Google’s executive chairman Eric Schmidt has defended his company’s tax minimisation strategies in an article in Britain’s Observer newspaper, following revelations the tech giant paid only £6 million ($9.25 million) in corporation tax off around £3.2 billion ($4.9 billion) in UK revenues.
“When a company only operates in one country, it’s obvious where its profits are generated and thus where its taxes should be paid. But for multinational companies with a global presence, it’s much more complicated,” Schmidt writes.
“Most of Google’s engineers are based in the US and that’s where much of our product development takes place. So we pay more taxes in the US than in any other country – around $US2 billion in corporate income taxes to the US government in 2012.”
In the article, Schmidt’s key points are that a company’s profits (rather than revenues) should be taxed, that politicians ultimately set the rules, concedes the need for international tax law needs to be reformed and that many tech companies reinvest their profits in research and development.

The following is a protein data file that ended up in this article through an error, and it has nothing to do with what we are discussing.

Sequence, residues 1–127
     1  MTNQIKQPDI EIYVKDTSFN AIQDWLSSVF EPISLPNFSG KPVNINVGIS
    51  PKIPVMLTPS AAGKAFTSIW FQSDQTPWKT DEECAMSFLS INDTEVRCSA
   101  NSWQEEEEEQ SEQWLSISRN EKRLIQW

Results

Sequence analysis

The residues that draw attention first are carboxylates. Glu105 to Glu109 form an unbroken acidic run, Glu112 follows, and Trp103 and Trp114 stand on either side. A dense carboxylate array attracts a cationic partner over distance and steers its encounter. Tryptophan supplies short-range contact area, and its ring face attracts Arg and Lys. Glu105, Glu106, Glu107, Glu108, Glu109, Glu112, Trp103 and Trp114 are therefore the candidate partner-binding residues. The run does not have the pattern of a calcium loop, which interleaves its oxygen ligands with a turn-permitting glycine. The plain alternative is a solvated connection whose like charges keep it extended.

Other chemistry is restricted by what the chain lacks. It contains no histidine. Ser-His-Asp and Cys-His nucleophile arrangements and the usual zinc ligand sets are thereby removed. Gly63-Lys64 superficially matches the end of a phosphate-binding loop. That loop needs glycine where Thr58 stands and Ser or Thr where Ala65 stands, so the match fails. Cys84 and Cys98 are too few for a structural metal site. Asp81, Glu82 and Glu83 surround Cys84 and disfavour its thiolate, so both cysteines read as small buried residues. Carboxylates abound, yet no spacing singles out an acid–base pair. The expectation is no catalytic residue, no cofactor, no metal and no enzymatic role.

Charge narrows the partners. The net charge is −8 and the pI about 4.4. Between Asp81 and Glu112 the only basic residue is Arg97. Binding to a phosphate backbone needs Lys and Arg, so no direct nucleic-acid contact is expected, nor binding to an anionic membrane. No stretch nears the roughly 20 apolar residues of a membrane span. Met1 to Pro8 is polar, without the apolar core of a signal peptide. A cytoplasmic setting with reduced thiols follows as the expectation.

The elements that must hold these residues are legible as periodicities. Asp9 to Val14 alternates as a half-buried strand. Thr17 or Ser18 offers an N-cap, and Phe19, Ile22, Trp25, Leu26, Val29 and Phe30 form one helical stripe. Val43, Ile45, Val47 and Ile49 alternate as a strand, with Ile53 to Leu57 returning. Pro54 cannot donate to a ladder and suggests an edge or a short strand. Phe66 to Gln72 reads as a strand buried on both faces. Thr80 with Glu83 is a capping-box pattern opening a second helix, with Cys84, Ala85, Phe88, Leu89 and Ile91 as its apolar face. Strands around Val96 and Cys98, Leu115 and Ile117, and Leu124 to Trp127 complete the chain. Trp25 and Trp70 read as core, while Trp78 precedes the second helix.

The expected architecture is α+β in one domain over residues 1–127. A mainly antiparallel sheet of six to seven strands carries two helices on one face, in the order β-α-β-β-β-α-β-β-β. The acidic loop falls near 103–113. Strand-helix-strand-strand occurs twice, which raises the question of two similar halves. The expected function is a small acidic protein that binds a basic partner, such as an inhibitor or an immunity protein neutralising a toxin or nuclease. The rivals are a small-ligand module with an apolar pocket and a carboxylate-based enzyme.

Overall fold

Schmidt also warns that not all governments will benefit from an OECD paper on international tax reform, which is due in July.
“It’s tempting for every government to assume that they will benefit if and when the current structure changes. But in reality, it’s probably only a significant increase in corporation taxes globally that would make every country a “winner” – and the consequences of that would likely be less innovation, less growth and less job creation,” Schmidt writes.
According to Reuters, Schmidt is on British Prime Minister David Cameron’s Business Advisory Group, with the Google executive set to meet Cameron later today.
Schmidt’s comments came after UK Opposition Leader Ed Miliband recently slammed the search and mobile giant over the low amount of tax is pays.
“Now, what is the politicians’ responsibility: Change the law. But it is also to talk about the kind of society we want to create and what the responsibilities of a company like Google are. I don’t think they are living up to their responsibilities at the moment,” Miliband said.
As SmartCompany reported last year, Google’s Australian subsidiary paid just $74,000 in tax on revenues of $201 million.
Google Australia’s sales and marketing operations are provided through Google’s subsidiaries in Ireland and the Asia-Pacific region, where company tax rates are lower.
As a result of the arrangements, Google is able to claim an on paper loss for its Australian division.
Federal Assistant Treasurer David Bradbury has criticised the tech giants for their tax minimisation programs, while a number of tech giants have also been asked to defend accusations of price gouging.